4. Boston's offseason moves paid off big-time. Any doubts about the Red Sox signing Mike Napoli and Shane Victorino as free agents were largely erased during the regular season. Napoli batted .259 and struck out 187 times in 578 plate appearances, but provided a right-handed power threat to bat behind Ortiz with 23 home runs and 92 RBI. Victorino had one of the best years of his career, batting .294 with an .801 OPS. He also played outstanding defense in right field, saving 25 runs more than the average player at his position, according to FanGraphs' Ultimate Zone Rating.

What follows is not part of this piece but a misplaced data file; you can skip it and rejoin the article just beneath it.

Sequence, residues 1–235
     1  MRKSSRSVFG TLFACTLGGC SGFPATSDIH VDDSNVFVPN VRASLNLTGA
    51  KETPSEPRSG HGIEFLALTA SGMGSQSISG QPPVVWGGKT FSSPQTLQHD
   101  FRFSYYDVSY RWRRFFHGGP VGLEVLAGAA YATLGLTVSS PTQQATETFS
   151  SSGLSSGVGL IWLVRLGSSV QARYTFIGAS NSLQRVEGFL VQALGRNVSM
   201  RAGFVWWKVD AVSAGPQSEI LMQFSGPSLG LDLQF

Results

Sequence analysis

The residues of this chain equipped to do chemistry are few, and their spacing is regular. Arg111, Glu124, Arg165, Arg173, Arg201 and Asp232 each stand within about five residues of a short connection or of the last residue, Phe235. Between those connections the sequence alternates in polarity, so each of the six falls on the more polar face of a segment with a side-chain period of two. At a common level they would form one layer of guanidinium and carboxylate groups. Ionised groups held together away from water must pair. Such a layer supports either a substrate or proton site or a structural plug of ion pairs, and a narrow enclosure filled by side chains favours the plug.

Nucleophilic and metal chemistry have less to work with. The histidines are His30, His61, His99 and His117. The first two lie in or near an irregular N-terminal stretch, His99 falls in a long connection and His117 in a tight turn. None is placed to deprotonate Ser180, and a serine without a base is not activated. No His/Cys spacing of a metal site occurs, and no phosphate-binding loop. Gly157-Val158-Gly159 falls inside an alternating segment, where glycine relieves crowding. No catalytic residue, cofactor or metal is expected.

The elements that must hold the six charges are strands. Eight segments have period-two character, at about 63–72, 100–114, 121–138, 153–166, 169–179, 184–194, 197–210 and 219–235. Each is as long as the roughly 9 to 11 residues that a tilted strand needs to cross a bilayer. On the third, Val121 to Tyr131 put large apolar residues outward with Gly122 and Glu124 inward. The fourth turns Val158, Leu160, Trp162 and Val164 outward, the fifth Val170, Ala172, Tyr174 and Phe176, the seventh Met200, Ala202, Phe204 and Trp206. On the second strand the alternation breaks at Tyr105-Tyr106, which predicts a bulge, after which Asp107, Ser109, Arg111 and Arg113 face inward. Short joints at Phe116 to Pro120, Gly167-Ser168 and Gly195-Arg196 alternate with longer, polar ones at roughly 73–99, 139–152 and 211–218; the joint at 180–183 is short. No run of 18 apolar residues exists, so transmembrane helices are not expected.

Both players overcame early struggles in the ALCS to emerge as postseason heroes. Going into Game 3 of the series, Napoli was 0-for-4 with four strikeouts and batting .118 with a .176 slugging percentage during the playoffs. But his seventh-inning home run off Justin Verlander was the only run in Boston's 1-0 win. In Games 4 and 5, Napoli batted a combined 5-for-8 with two doubles and a homer. Victorino went into Game 6 batting 2-for-22 (.091) and went 0-for-2 in his first three plate appearances of the night. That probably won't be remembered after his grand slam that lifted the Red Sox to the AL pennant.
Then there's Uehara, and we've already detailed how incredible he was in this series. (His ALCS MVP award is also a big indicator.) He signed a one-year deal with a vesting option to be the setup man in front of Andrew Bailey and Joel Hanrahan. Yet would Boston be in the World Series if he hadn't taken over and dominated as the team's closer?